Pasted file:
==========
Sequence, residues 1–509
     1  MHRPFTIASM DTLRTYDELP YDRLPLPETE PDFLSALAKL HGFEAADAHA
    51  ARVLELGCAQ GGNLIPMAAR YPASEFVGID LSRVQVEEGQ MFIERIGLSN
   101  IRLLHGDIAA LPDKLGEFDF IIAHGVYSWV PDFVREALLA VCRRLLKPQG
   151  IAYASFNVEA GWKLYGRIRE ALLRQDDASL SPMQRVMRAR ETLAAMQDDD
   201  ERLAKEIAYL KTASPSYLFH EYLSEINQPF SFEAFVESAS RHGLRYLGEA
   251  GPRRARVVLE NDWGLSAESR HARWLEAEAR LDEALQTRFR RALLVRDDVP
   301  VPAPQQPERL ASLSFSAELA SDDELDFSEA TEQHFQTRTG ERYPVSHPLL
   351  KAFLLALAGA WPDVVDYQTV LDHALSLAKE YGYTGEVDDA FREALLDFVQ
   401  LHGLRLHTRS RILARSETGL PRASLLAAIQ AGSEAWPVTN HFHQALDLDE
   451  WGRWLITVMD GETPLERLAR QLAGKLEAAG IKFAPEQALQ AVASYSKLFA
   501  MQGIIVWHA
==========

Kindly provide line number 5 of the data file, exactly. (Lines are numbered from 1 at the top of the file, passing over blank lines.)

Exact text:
   151  IAYASFNVEA GWKLYGRIRE ALLRQDDASL SPMQRVMRAR ETLAAMQDDD